Every Wednesday, Jeremy Corbyn and Theresa May go head to head in an epic battle of political wits. The Labour Leader gets his chance to quiz the Prime Minister on issues relating to the British economy. But some have speculated that the whole PMQ(Prime Minister Questions) is a publicity stunt in order to gain social media video views. As an example critics point to the fact that most of the topics discussed at the meetings, normally have nothing to do with the state of affairs in the country. More troubling is the fact that PM May rarely seems to have answers to the questions posed by the opposition.
Prime Minister unable to answer hard questions
The Prime Minister’s Question or PMQ is a constitutional convention in the United Kingdom, currently held as a single session every Wednesday at noon when the House of Commons is sitting, during which the Prime Minister spends around half an hour answering questions about pressing issues facing Britain.
This Wednesday saw the PM unable to answer critical questions on the housing crisis, private tenant insecurity, and homelessness. Labour Leader Corbyn, however, seemed to be better prepared. This time around he stuck to his questions and stayed away from straying off point. He totally mopped the floor with the PM when he started to ask questions relating to housing. Indeed the PM had no suitable answers for the queries, she lashed back by belting out figures from the last time the Labour party was in power over a decade ago. This move proved to hurt her more than help because the Conservatives have been in power since the beginning of the decade.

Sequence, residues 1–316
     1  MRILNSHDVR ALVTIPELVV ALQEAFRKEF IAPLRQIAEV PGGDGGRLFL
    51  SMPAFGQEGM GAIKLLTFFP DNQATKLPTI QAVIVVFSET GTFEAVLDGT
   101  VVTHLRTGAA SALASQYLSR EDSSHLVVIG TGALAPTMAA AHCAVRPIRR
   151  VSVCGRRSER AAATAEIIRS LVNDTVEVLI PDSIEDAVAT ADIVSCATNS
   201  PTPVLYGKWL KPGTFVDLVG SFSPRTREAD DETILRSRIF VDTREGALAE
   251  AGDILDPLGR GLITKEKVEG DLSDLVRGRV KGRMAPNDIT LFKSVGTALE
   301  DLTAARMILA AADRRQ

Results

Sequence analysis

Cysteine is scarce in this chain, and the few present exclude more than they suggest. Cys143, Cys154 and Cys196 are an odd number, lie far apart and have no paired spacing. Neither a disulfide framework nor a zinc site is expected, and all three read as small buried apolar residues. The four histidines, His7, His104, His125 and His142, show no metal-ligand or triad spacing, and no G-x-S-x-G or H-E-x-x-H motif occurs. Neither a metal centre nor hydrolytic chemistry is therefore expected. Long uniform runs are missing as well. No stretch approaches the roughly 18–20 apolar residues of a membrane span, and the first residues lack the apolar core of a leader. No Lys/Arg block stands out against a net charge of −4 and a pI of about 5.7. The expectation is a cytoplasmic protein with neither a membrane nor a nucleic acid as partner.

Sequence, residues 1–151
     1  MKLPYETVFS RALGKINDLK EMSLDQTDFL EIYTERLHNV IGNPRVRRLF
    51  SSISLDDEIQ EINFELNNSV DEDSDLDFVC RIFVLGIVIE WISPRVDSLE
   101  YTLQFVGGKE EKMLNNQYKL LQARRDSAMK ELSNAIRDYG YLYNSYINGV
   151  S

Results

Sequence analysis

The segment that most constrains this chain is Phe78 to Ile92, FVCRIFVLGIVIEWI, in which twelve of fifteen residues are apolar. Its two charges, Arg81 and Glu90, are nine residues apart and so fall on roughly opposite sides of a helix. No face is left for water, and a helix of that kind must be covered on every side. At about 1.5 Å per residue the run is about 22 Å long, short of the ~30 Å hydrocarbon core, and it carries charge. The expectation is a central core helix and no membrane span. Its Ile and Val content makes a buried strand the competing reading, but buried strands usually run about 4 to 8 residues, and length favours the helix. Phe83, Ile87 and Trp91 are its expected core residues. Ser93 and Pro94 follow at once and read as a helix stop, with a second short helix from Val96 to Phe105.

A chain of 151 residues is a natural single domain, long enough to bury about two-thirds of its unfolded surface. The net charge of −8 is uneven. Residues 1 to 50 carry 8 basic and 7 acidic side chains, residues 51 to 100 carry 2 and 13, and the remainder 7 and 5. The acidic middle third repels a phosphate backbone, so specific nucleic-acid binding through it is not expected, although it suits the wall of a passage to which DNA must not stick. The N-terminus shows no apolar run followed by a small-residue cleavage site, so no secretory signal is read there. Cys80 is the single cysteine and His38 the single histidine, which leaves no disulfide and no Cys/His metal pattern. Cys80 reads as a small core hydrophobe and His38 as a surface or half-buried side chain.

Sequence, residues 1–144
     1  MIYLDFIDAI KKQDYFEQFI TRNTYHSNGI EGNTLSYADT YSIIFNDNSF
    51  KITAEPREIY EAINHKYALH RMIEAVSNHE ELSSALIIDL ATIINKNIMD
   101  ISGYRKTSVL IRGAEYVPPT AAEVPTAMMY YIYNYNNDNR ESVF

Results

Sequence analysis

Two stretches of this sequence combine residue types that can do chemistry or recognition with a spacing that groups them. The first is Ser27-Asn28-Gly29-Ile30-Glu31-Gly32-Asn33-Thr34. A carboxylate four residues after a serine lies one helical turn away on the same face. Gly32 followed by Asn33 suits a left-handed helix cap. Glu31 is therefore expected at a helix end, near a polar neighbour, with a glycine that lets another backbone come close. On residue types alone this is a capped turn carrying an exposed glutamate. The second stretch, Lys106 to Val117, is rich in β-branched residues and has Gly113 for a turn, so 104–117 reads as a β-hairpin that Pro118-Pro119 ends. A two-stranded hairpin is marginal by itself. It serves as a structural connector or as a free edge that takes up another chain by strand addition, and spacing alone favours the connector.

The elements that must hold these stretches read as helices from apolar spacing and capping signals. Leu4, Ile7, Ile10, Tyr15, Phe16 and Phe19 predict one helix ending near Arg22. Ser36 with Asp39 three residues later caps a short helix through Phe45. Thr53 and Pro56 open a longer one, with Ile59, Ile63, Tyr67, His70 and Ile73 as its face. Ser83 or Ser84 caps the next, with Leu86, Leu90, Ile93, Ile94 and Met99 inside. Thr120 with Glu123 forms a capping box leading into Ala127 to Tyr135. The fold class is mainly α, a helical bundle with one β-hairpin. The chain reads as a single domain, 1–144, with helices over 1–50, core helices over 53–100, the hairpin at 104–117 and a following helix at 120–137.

Tory Rebel Leader not backing down
With the rising tensions between the Prime Minister and Tory’s rebel leader Dominic Grieve, May also assured Parliment that they will have a “meaningful vote” on the terms of Brexit. Furthermore, Brexit Secretary David Davis believes that with his new campaign he can convince potential rebels before the EU Bill is launched. Meanwhile the former attorney general, Dominic Grieve believes they have all that is needed to defeat the Government. In the wake of all this, May said Westminister will get a vote before the 2019 Brexit commencement.
An unlikely couple has also formed between the Tory rebels and Labour. The reason for the union is to seek an explicit legal guarantee in the EU Withdrawal Bill. But PM May is not phased by this move and doesn’t seem to be moving from her position on the matter. Brexit Secretary Davis tried to reach out to Tory MPs to see if they could find some middle ground. However, the Tory leader Dominic Grieve is not backing down no matter what. This feud doesn’t appear to be dying down no time soon. On a lighter note, Prime Minister May did insist that much could still change before the amendment is voted on later on Wednesday.
In case you missed December 6th PMQ, we have it here
So what do you think…
Do you agree with the Labour Leader? Tell us in the comments